Saturday, June 27, 2015

The Value of Reverse Osmosis Filtration Systems

Water shortages are not confined to California or even America. It’s a global problem.

Brazil, for one, is currently suffering its worst drought in a century. The last time the nation had a drought this bad, the population was lower and the modern water-guzzling conveniences like washing machines either did not exist or were not widespread. This means the current drought is hitting hard and having the kind of impact it could not have had a hundred years ago.

Two of the things listed as causes of the water shortage include heavy pollution of some water sources and a failure to increase the water supply. Both are issues that can be addressed by a reverse osmosis filtration system. One way that reverse osmosis can increase the water supply is by making polluted waters clean enough for human use. The other is by desalinization of sea water.

Although fresh water is in short supply around the world, water per se is not. There is an abundance of water, though much of it is too salty to use for household, commercial, industrial and agricultural purposes. Cleaning up polluted waters and desalinating salty water can dramatically expand our access to usable water on the planet. All we need to do is stop seeing the world through such a limited lens and become more aware of the abundance around us.

Tuesday, June 23, 2015

California Dreams and Water Solutions

The Salton Sea has a rich and intriguing history. This extremely large salty lake and its water quality issues play an important role in the ongoing saga of water availability for the millions living in arid Southern California.

California is and has always been under duress due to the dual pressures of high demand and low water availability. Poor water quality compounds the problem. The Salton Sea receives runoff from farmland irrigation, which keeps the lake high in salts, other minerals, and toxic contaminants like pesticides. These water quality issues are linked to epidemics that kill large numbers of birds periodically. Obviously, this has dangerous implications for humans.

One viable solution is reverse osmosis. Reverse osmosis is a high-pressure technology that cleans water up by forcing it through a filter. It can remove salt from fluids, turning saline water into potable water. Not only that, it can also remove other minerals and contaminants. In short, it can reclaim water that would otherwise be viewed as unusable.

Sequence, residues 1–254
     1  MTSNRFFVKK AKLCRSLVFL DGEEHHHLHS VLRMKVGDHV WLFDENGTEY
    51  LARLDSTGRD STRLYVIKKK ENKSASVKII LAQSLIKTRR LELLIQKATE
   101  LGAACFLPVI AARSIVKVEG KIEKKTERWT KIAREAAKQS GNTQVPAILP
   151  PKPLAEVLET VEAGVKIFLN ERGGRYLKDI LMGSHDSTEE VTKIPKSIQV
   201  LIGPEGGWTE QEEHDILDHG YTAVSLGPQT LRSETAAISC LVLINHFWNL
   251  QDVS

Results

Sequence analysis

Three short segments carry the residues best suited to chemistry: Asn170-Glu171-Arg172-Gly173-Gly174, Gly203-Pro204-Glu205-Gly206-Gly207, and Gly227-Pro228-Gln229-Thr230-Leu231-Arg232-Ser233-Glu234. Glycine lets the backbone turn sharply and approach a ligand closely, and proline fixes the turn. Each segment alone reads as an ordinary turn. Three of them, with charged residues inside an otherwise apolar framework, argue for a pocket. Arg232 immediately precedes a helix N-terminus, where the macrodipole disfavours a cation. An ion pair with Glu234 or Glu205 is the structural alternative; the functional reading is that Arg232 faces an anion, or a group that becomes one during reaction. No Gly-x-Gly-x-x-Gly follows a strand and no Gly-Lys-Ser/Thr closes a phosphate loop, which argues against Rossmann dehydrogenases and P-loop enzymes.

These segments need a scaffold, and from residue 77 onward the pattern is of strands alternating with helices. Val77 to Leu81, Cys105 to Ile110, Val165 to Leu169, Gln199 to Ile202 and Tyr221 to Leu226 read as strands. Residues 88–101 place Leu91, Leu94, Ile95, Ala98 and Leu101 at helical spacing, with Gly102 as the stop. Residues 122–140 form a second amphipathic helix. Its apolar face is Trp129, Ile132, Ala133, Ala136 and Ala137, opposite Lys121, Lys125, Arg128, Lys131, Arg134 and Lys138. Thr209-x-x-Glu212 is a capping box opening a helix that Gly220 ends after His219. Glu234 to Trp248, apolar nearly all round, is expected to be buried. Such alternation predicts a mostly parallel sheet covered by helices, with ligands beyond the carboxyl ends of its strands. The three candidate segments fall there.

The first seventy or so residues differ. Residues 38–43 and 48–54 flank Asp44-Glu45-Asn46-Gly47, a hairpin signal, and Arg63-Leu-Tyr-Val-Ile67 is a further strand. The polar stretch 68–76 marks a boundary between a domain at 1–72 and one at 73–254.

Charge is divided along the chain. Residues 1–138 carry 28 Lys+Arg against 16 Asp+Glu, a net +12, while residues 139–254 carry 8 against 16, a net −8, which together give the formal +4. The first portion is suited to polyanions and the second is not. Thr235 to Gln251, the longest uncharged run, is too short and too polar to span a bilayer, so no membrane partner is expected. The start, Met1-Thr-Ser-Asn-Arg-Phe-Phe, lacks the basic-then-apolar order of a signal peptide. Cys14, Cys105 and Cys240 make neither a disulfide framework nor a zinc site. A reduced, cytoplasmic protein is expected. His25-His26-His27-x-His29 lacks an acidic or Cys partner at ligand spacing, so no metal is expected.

Currently, a desalination plant is being built on the coast in San Diego County to help address the needs and dreams of its millions of residents. With reverse osmosis, not only ocean water but even the waters of the Salton Sea are a potential resource for this vital part of United States that is constantly searching for new water solutions.

Thursday, June 18, 2015

The World is Thirsty for RO-Treated Brackish Water

The greatest thing about reverse osmosis is that you can apply the technology to all types of water and get different results. Many use the technology to thoroughly filter impurities out of water, but if you feed a reverse osmosis system with cleaner water to begin with, your end product will end up being of higher quality. Adding an RO filter for brackish water in your system can increase quality and output.

Greenhouse and hydroponic farmers have caught on to reverse osmosis to purify their irrigation water for agricultural use. One particular farmer in Florida uses a 300 liter/day reverse osmosis system which produces water with less than 15mg/1l of sodium. Upon switching to a brackish water RO system, the farmer’s production of European cucumbers in a twenty two acre greenhouse went from 48,000 cucumbers/day to 84,000 cucumbers/day. This is virtually double the output, which was achieved by the relatively simple shift from contaminated surface water canal sources to low-salinity brackish groundwater.

The product of brackish water RO has lower levels of bacteria and nematodes, thus helping avoid plant diseases. Also, an RO membrane intended for brackish water typically has a cellulosic membrane, which is resistant to chlorine. Furthermore, a brackish water filter can also be added to a previously existing RO system, which helps take stress off the first system and resulting in a more efficient workflow with better results.